Greece’s coalition government early Saturday won a confidence vote it called for in a bid to build support among its backbenchers and ease fears of political instability ahead of a crucial presidential vote early next year.
All 155 lawmakers in the conservative-socialist coalition backed the motion, while 131 opposition lawmakers in the 300-seat parliament rejected it and two said they were voting neither way.
Conservative Prime Minister Antonis Samaras sought confirmation of his economic reform policies halfway through his four-year term amid opposition calls for snap elections, insisting that the prospect of renewed political risk could spook international markets as the bailed-out country tries to exit a punishing six-year recession.
“Early elections would be a disaster and would cancel all the effort that’s been made” to revive Greece’s finances, he said during the debate. After the vote, Samaras insisted that the next parliamentary election would be held when the government’s mandate expires in 2016.
However, the coalition will still need opposition support — so far unforthcoming — to avoid a stalemate and snap election in February when parliament chooses the country’s new president, with any candidate requiring a minimum 180 votes to be elected.
During the three-day debate, even independent lawmakers strongly criticized Samaras’ government, and the leader of a small center-left party that took part in the coalition for nearly a year argued Friday that there was a “vital need” for the government to change.
The main opposition, the left-wing Syriza party, is leading opinion polls by promising to renegotiate the tough terms of Greece’s 240 billion euro ($302 billion) international bailouts, which have kept the country afloat since it lost market confidence in 2010 and nearly went bankrupt.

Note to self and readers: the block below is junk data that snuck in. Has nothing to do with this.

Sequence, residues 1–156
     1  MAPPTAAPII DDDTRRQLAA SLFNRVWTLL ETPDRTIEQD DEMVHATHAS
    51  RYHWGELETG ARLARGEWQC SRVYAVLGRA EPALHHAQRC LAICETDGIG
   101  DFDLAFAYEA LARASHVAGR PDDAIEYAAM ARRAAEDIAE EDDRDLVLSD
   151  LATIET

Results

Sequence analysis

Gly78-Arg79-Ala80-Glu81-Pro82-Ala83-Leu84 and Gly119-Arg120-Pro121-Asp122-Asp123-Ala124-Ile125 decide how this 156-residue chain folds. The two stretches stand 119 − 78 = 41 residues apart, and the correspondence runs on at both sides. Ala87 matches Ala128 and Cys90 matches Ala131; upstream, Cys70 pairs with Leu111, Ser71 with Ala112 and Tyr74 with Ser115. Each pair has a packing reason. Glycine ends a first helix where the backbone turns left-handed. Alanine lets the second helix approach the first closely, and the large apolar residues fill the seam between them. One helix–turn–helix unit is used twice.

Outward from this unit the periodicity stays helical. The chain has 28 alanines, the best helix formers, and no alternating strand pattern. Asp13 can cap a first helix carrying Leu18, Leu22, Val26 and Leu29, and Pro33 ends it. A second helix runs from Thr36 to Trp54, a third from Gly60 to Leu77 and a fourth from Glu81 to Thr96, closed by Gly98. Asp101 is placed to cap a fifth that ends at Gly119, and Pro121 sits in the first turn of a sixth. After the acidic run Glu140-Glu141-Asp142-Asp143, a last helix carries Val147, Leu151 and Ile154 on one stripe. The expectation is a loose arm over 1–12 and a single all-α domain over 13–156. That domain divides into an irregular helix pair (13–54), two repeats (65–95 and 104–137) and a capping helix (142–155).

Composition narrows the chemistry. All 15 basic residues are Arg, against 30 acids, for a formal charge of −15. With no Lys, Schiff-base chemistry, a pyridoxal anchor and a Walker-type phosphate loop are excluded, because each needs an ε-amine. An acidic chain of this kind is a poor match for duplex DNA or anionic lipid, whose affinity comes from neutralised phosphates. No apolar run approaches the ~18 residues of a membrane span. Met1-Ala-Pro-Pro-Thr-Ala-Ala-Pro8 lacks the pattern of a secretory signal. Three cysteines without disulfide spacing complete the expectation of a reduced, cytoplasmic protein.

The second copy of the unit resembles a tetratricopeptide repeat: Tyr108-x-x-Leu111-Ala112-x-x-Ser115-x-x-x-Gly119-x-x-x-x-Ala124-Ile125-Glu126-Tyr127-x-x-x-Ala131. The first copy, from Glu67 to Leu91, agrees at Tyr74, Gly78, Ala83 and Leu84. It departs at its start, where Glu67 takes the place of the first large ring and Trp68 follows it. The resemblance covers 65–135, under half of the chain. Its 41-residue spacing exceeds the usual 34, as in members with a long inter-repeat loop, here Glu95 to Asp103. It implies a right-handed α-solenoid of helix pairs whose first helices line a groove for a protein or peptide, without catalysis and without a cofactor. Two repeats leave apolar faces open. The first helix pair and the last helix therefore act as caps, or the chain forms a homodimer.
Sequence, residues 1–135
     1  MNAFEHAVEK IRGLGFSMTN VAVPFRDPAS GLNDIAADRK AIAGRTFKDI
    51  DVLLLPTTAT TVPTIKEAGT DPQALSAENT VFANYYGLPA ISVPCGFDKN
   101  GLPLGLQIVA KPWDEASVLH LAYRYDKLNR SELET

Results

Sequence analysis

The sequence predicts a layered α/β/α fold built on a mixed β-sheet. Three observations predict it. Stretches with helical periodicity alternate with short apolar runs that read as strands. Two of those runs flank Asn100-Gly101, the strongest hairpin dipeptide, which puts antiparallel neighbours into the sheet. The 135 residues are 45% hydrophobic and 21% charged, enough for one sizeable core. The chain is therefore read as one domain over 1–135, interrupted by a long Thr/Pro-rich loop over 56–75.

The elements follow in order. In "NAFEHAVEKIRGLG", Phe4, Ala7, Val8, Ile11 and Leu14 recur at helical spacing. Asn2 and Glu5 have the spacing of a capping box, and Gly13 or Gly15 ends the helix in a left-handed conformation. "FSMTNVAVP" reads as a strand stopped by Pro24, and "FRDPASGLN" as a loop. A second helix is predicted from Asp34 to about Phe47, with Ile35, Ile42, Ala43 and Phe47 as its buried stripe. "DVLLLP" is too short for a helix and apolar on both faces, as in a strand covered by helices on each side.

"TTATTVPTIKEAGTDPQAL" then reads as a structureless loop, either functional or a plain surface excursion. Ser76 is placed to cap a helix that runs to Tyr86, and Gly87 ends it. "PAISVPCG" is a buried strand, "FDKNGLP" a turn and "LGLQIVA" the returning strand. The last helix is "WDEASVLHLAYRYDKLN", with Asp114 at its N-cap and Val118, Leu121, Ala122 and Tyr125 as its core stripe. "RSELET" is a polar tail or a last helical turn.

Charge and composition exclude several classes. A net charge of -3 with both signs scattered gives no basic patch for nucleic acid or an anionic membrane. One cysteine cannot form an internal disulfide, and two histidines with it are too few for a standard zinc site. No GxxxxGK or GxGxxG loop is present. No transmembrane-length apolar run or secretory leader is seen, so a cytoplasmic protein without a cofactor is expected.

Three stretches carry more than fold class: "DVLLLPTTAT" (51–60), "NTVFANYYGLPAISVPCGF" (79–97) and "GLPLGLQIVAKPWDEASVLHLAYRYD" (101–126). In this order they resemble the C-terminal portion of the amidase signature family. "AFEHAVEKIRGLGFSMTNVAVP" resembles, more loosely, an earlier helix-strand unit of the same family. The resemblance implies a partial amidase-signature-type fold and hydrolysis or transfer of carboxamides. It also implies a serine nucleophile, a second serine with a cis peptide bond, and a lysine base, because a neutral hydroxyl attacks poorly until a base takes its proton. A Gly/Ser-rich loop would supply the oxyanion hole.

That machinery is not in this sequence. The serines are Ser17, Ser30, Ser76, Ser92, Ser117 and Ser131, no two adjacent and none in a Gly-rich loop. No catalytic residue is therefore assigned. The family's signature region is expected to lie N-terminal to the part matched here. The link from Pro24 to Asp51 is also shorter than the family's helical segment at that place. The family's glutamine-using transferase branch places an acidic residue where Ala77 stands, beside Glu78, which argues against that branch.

In exchange for the emergency loans from its European partners and the International Monetary Fund, Greece imposed tough income cuts and repeatedly increased taxes, in an austerity drive that worsened a deep recession and led to about a million job losses.
Syriza leader Alexis Tsipras insisted in parliament Friday on the need for a sweeping solution to the country’s debt problems.
“We are asking for most of the debt to be written off,” he said, adding that repayment of the remaining part should be linked with the pace of Greece’s expected future economic growth.
Tsipras argued that the prospect of the presidential vote forcing early elections left Samaras with little legitimacy to carry out his planned debt relief negotiations with bailout creditors, which will aim to extend debt maturities and interest rates.
“Any decision or agreement will not have our consensus, will not be accepted by us and will not bind Syriza,” he said.
“Your (parliamentary) backing is far from the 180 lawmakers you need for the presidential election,” Tsipras added. “All opposition parties have said they will not vote for the new president … What will you do? Keep the entire country fettered by talk of early elections?”
Syriza has promised to raise incomes and reduce taxation, in what Samaras dismissed as “not an economic program … but a wedding list.”